The increased focus on green technologies and energy efficiency coupled with the insatiable desire of IT equipment customers for more performance has driven manufacturers to deploy energy efficient technologies in the data centers. This paper describes a technique to achieve significant energy savings by preventing the cold and hot air streams within the data center from mixing. More specifically, techniques will be described that will separate the cool supply air to the server racks and exhaust hot air that returns to the air conditioning units. This separation can be achieved by three types of containment systems — cold aisle containment, hot aisle containment, and server rack exhaust chimneys. The advantages and disadvantages of each technique will be outlined. To show the potential for energy efficiency improvements a case study in deploying a cold aisle containment solution for a 8944 ft2 data center will be presented. This study will show that 59% of the energy required for the computer room air conditioning (CRAC) units used in a traditional open type data center could be saved.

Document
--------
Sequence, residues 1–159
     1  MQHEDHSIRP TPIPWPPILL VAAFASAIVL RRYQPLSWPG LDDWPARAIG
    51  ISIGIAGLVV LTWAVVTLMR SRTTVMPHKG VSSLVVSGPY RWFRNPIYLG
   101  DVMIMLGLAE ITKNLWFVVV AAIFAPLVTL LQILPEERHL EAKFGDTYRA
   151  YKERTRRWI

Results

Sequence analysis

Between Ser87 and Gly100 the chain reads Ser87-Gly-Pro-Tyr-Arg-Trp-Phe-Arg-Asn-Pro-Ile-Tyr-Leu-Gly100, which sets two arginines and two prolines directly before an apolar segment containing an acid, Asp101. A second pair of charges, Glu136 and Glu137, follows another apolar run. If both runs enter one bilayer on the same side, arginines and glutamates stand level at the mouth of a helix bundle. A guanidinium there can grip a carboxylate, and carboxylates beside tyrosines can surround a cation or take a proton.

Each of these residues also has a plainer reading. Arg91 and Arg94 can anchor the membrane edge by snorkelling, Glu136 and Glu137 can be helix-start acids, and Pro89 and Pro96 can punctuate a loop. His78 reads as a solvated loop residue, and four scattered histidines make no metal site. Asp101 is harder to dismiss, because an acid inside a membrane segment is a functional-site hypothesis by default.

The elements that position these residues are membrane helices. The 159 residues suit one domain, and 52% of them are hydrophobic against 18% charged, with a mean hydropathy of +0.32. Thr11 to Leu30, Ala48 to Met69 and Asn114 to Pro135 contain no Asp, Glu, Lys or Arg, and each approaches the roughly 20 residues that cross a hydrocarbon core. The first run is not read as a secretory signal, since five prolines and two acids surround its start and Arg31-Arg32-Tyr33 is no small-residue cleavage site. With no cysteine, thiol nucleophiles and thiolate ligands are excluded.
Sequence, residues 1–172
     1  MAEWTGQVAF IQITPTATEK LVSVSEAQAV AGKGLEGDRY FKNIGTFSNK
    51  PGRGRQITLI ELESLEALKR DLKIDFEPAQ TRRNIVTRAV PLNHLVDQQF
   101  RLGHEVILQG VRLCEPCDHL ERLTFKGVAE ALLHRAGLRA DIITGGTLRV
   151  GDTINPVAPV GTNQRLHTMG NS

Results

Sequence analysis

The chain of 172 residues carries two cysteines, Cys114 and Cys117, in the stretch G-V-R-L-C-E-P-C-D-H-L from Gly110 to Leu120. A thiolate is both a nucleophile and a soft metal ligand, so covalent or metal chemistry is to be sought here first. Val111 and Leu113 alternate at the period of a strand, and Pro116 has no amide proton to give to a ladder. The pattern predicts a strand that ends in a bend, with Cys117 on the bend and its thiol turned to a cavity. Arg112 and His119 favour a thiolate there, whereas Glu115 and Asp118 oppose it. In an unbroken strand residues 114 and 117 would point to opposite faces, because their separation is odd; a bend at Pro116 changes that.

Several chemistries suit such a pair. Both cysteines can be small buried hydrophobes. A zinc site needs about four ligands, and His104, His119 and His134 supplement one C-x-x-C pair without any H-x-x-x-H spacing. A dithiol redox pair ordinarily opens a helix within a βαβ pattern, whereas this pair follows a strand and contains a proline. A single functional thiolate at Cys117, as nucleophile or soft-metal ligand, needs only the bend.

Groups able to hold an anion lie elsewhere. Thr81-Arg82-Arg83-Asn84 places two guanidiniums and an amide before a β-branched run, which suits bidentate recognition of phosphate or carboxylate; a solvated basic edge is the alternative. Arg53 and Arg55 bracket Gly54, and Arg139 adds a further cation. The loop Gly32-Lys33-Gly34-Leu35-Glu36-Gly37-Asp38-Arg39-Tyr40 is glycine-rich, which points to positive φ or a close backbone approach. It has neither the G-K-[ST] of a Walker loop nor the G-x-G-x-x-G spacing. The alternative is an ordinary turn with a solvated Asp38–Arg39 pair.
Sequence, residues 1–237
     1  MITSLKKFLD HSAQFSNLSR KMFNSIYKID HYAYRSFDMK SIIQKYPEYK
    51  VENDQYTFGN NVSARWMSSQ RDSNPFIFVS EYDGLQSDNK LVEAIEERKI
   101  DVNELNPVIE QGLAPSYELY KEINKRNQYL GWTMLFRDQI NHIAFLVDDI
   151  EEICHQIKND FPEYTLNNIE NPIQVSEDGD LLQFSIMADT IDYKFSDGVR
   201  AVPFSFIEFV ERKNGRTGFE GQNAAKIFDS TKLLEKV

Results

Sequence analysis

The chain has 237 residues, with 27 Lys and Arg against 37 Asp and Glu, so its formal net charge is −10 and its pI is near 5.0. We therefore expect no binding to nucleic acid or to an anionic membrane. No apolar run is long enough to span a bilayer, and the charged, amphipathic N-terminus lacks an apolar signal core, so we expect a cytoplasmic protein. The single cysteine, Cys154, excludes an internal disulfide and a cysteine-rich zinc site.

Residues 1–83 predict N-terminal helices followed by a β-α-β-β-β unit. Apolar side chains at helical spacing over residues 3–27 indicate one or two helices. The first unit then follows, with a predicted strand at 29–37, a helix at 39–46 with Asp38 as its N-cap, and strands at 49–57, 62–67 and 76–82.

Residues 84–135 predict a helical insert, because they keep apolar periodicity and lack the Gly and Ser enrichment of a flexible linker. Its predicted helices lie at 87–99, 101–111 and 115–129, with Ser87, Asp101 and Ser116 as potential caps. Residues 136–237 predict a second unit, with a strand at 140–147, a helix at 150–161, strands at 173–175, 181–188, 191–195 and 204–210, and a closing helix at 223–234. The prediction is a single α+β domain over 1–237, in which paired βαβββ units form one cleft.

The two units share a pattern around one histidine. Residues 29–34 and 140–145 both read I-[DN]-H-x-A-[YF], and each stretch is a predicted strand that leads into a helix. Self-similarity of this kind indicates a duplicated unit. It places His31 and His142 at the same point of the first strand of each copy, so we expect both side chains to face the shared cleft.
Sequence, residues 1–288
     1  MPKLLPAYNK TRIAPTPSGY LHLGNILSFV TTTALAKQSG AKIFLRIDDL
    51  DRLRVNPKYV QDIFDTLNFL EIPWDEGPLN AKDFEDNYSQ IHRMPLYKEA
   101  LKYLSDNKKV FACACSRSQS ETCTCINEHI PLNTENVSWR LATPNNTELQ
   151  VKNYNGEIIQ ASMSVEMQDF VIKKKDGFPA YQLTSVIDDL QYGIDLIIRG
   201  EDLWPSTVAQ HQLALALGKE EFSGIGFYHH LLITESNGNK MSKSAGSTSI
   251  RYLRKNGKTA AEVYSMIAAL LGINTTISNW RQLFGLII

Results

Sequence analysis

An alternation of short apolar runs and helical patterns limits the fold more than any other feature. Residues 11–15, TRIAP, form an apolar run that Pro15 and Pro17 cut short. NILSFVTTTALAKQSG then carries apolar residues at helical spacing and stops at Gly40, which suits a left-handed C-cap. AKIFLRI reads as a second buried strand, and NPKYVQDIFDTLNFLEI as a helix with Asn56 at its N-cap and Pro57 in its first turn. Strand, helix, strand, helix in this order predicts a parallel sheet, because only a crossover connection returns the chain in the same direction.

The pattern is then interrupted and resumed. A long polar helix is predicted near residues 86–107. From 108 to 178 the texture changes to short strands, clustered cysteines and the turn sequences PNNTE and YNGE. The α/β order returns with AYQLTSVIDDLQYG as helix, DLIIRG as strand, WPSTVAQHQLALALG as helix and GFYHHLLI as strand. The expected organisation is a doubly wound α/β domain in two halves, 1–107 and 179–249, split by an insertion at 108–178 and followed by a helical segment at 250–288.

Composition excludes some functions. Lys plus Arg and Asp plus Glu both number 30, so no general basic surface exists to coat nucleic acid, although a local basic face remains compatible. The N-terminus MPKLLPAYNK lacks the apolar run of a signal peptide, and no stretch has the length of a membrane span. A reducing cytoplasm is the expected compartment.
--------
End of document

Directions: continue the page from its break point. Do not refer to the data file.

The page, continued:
Commentary by Dr. Valentin Fuster
2011;():617-622. doi:10.1115/IPACK2011-52207.